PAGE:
Election 2018: our scorecard
2014-2018 has seen significant public transport investment under Labor, and they have delivered on their major promises. But as Melbourne continues to grow, and demand for regional travel increases, the challenge ahead is to build a public transport network not only copes with patronage growth, but also provides usable services into areas which currently don’t have them.
So how do the parties rank?
1. Greens – in some ways the Greens have the least ambitious transport plan. But it’s full of affordable, commonsense policies. They are the only party to commit to the Metro 2 tunnel, and to frequency upgrades across the train, tram and bus networks – essential for making the public transport network vastly more usable in the short term. Accelerating the rollout of low-floor trams and implementing on-road priority, extending metro services to outer suburbs with high capacity signalling are also important initiatives. Their policy of free public transport for students is misguided, but The Greens rightly oppose the major road projects proposed by the other parties, recognising that they will simply generate more traffic.
2. Labor – some ambitious plans in starting the huge Suburban Rail Loop project, alongside continuing the successful Level Crossing Removal Program, and extensive upgrades planned elsewhere around the metro and regional rail networks. They lose points for construction of three major tollways/freeways, a lack of progress on bus and tram upgrades, and for lagging on the rollout of more frequent all-day metro train services – essential for a big city such as Melbourne.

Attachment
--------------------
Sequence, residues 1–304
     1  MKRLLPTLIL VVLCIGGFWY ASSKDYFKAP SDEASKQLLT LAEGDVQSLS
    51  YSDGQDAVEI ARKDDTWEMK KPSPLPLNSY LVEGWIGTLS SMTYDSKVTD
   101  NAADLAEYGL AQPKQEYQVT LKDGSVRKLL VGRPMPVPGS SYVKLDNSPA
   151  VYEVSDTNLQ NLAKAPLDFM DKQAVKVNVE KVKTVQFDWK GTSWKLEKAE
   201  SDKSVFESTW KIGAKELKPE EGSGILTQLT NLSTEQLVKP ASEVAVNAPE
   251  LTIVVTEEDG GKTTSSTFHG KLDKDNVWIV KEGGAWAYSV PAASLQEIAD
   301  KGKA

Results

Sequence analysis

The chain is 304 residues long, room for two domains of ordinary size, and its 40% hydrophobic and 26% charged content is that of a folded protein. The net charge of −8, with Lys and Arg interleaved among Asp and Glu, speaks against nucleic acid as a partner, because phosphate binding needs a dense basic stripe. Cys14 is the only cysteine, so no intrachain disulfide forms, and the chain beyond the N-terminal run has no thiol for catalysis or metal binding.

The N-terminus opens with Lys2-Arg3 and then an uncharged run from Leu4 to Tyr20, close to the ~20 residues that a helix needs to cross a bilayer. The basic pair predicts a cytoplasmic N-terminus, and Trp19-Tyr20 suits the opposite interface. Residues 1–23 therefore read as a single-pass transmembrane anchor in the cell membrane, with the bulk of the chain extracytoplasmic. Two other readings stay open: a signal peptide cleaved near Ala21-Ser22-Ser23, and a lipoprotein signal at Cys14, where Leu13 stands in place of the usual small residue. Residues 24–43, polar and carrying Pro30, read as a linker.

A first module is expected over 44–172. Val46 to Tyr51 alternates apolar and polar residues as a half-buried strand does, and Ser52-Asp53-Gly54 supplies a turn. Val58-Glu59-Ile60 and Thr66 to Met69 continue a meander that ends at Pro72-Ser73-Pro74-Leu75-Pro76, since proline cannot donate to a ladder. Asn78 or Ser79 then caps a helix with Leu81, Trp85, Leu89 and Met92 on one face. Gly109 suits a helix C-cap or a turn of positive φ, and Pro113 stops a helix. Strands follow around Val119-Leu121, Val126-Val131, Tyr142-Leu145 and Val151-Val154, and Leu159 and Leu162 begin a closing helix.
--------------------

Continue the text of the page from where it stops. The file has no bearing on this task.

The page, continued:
3. Coalition – they’ve backed away from what is probably their best policy, of metro trains every 10 minutes all day, leaving commitments to build three major tollways plus other freeways, and the messy grade separation of road intersections. More positive is commitments to extend metro trains to Clyde and Baxter. Their regional high speed rail plan is ambitious, but would only speed up trains moderately, and there are doubts over whether it could really be delivered in the timeframes promised.
For more details, including a summary of minor parties, read the full report (PDF)
Keep watching www.ptua.org.au/election2018 for updates